Caribou Facts | Churchill Wildlife Guide
For eons, indigenous cultures have relied on the "deer of the North" for food and clothing. A wealth of caribou would bring celebrations and feasting, while a scarcity meant famine and hardship. An iconic symbol of the North, this social herd animal—equally comfortable in the boreal forest and on the open tundra—makes more extensive migrations and occurs in larger herd numbers than any other North American land mammal.
Though they often follow similar migration patterns and frequent the same seasonal ranges, caribou can be unpredictable and diverge from their traditional routes. During summer, however, they tend to head to the coast where tidal flats offer a respite from the ubiquitous black flies of the interior.
PHYSICAL CHARACTERISTICSBoth sexes of caribou have antlers, a fact that differentiates them from all other deer species. The shape of each animal’s antlers varies significantly, and many believe that no two pairs of antlers look the same. Adult bulls shed their large antlers early in winter, but cows retain theirs until June when calving time arrives. This way, pregnant females can claim and protect optimal feeding areas through the winter when getting food of the highest quality is imperative to nurturing their quickly developing fetuses.
Numerous critical adaptations enable caribou to
The caribou’s coat, made of dense, hollow club-shaped hair, shields the animal, including its feet, tail
Giant feet that act as snowshoes allow caribou to stay on top of soft snow, another necessary adaptation for this environment. Their wide, sharp hooves also allow them to effortlessly break and clear snow when they dig craters in search of food.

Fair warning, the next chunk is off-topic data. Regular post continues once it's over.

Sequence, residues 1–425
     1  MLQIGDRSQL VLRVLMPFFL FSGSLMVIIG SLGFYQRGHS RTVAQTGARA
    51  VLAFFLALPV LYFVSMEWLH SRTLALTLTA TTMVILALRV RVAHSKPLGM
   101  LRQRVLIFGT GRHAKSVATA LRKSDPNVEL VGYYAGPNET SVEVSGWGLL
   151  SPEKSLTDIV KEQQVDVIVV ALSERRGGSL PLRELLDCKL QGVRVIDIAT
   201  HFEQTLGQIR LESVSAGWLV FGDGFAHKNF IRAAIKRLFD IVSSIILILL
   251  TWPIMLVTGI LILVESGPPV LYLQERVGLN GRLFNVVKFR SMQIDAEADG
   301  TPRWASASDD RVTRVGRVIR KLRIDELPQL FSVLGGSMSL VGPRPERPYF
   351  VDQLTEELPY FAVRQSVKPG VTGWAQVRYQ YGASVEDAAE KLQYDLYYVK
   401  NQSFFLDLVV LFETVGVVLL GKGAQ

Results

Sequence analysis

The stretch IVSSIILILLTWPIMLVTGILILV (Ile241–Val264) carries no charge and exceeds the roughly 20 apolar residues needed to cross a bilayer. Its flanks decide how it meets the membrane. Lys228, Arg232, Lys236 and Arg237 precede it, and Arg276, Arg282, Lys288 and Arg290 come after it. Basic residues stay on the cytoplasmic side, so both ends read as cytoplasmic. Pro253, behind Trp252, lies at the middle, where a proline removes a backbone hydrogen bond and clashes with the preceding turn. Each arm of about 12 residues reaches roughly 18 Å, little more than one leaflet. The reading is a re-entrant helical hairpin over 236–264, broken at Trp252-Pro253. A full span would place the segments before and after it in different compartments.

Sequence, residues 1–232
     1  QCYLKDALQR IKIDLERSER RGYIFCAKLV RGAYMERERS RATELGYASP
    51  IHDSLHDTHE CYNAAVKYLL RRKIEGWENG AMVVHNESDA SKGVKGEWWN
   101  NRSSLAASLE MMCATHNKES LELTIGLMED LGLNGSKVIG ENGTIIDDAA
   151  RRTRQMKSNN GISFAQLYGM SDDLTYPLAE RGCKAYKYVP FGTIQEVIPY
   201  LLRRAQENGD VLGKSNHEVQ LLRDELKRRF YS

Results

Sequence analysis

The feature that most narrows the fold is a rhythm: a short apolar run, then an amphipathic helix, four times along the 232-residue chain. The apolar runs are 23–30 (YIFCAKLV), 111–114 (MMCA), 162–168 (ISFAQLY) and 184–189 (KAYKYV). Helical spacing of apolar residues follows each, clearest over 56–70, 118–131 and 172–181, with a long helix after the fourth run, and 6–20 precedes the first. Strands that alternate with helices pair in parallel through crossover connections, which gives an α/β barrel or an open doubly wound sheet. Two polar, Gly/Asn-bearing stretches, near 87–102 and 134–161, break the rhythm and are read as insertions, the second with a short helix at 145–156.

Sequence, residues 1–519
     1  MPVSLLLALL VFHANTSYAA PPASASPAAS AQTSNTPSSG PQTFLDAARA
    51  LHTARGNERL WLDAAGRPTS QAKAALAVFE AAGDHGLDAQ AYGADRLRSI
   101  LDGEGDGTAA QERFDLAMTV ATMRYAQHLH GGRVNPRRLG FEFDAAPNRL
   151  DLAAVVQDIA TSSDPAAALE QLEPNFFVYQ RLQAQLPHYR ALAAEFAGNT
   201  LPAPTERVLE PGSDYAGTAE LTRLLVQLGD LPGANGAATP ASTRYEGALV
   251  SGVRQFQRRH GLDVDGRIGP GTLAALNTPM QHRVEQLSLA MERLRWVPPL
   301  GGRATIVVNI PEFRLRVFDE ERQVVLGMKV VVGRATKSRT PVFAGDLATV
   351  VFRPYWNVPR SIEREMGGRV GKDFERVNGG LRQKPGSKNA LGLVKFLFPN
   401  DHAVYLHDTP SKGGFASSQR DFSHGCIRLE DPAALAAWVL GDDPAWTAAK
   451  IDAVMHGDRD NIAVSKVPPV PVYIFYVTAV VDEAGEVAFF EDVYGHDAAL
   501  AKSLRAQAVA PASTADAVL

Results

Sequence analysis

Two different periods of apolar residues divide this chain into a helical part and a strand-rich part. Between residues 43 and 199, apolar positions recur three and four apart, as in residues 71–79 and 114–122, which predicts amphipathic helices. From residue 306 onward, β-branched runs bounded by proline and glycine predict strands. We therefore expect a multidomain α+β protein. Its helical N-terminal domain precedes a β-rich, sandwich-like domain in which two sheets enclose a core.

CALVINGThe majority of caribou herds have been named after the remote locations of their calving grounds. Each spring, pregnant cows
After reaching the calving ground, the females scatter. The previous autumn, most
Calving at the same time has its benefits, but it also leaves newborn fawns vulnerable. If a blizzard were to strike at any point during the crucial five days of birthing, or if freezing rain douses the fawns’ insulated fur, the calves can face death. In years of strife, fawns make up less than five percent of the herd, while in good years, they constitute up to 25 percent.
PREDATIONWolves and humans are the caribou’s primary predators. Wolves are skillful hunters, strategically working in teams to chase down or ambush their prey. They are more than capable of taking down a healthy
Photo Credit: Denali National Park and Preserve (Caribou) [CC BY 2.0], via Wikimedia Commons